Thread Subject: Re: Section 31A - May 30 Draft
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From: Tom Brett
Date: Sun, Jun 03 2007 6:05 AM
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Guess I did miss that email. I was looking at the provisions on the WIKI
for this item and did not see a comment. I thought this was where the
latest comments/suggestions were to be posted.
>>'If I'm not mistaken, most AT allow you to change the keystroke
combinations used for specific commands, which is a not unreasonable way to
address this I think.'
Correct. Now looking at this from the stand point of member of the public
attempting to access public information...when I attempt to access public
information and find that my key combinations do not work would it be
necessary to have a place to go to determine if the Government has assigned
that key combination a different meaning?
Perhaps the EWG 7.1 May 30 Draft
_Support) would need to be clarified to make it clear that Documentation and
Support provisions needs to be made available to the public if the
application is publicly available. The Documentation & Support -1194.41-
provisions in the current standards generally are viewed as applying only to
When a person using AT finds that their key combination does not perform the
way that the AT has defined it, they would need to go to the
Help/Documentation/Support link, find that their key combination has been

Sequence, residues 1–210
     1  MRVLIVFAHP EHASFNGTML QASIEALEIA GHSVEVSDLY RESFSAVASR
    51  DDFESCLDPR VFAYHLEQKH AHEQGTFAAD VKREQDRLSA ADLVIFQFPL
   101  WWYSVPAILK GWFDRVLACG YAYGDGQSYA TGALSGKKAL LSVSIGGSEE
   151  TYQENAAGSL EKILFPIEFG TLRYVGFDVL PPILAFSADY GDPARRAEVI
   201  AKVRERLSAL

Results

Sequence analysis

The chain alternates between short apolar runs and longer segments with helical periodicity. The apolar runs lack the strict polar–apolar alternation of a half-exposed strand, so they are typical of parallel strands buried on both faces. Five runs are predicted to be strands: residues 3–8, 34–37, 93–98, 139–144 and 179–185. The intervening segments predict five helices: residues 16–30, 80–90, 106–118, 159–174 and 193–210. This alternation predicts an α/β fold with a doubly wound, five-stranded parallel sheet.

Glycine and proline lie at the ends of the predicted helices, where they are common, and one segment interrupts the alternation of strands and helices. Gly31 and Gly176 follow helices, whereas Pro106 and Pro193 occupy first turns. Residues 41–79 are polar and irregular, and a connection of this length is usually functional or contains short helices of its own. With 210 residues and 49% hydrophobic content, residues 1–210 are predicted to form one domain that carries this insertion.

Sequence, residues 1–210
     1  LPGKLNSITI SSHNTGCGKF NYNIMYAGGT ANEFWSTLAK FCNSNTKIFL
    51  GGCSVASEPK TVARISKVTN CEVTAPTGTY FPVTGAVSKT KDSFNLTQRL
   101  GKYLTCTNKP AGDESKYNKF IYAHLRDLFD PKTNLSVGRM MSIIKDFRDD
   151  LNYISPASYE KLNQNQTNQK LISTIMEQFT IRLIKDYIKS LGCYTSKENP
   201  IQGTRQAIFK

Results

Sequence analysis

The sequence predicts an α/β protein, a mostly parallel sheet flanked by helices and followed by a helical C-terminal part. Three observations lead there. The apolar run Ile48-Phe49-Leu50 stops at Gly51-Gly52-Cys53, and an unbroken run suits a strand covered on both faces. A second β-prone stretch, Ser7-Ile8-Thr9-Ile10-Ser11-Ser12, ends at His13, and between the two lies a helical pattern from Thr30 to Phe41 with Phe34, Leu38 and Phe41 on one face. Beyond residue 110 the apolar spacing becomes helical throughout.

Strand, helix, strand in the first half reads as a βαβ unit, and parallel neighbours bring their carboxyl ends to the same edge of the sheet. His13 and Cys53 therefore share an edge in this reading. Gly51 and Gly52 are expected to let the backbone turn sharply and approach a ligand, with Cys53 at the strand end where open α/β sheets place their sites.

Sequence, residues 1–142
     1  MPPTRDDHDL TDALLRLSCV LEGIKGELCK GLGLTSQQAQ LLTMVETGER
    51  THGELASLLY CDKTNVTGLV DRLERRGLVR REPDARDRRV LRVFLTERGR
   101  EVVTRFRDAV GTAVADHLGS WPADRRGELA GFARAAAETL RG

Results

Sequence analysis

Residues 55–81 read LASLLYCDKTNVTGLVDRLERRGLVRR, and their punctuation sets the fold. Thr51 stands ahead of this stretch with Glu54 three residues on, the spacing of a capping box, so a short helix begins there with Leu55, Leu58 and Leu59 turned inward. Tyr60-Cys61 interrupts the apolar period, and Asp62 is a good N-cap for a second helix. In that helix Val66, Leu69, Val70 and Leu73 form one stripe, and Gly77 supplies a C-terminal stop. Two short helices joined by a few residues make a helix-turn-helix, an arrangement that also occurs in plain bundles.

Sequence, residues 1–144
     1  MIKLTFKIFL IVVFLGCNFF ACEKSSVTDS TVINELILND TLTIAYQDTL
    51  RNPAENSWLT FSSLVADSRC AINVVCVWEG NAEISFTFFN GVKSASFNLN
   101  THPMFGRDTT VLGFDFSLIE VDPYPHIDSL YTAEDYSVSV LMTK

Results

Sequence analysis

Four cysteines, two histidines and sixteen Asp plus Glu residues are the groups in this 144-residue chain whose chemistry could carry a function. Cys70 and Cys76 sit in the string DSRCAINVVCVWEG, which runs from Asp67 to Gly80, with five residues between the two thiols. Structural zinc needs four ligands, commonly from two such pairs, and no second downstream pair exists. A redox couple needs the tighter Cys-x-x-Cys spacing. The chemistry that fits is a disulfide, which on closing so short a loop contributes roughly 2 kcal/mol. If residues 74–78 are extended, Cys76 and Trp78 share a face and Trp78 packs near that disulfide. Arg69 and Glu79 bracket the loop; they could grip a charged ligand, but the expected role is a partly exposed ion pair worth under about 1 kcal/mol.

assigned a different function and take the appropriate action to change the
key combination for their AT. This would add an additional level of
complexity for a person with disabilities to access Government E&IT but
would work, although that would seem to conflict with the Comparable access
provision. It would also tend to limit people with cognitive impairments
accessing public information by adding this additional step.
From: = EMAIL ADDRESS REMOVED =
[mailto: = EMAIL ADDRESS REMOVED = ] On Behalf Of Peter Korn
Sent: Saturday, June 02, 2007 9:40 PM
To: TEITAC Web/Software Subcommittee
Subject: Re: [teitac-websoftware] Section 31A - May 30 Draft
Did you miss my e-mail yesterday with suggested language for this
http://teitac.org/mailarchives/mail_message.php?id=4738&listid=3 for the
message. Basically my suggestion is that we greatly simplify this text, to:
"Applications shall not disrupt or disable documented accessibility
features of the platform."
If we want to clarify this further, we might add a second sentence:
"This includes, but is not limited to, system-wide keyboard
enhancements and assistive technologies includes with the platform."
I think the question of what to do when AT and a specific application
conflict must be solved by getting one of them to change. If I'm not
mistaken, most AT allow you to change the keystroke combinations used for
specific commands, which is a not unreasonable way to address this I think.
Sun Microsystems, Inc.
> I agree, Peter, that it is unreasonable to ask developers to know all key
> I know this provision is has not been rewritten and that is why I am
> the questions. The first sentence would imply, though, that if a
> used a specific Jaws key combination that disabled my AT key combination
> software would not meet Section 508 standards for this provision.
> So what if the first sentence of the provision were written: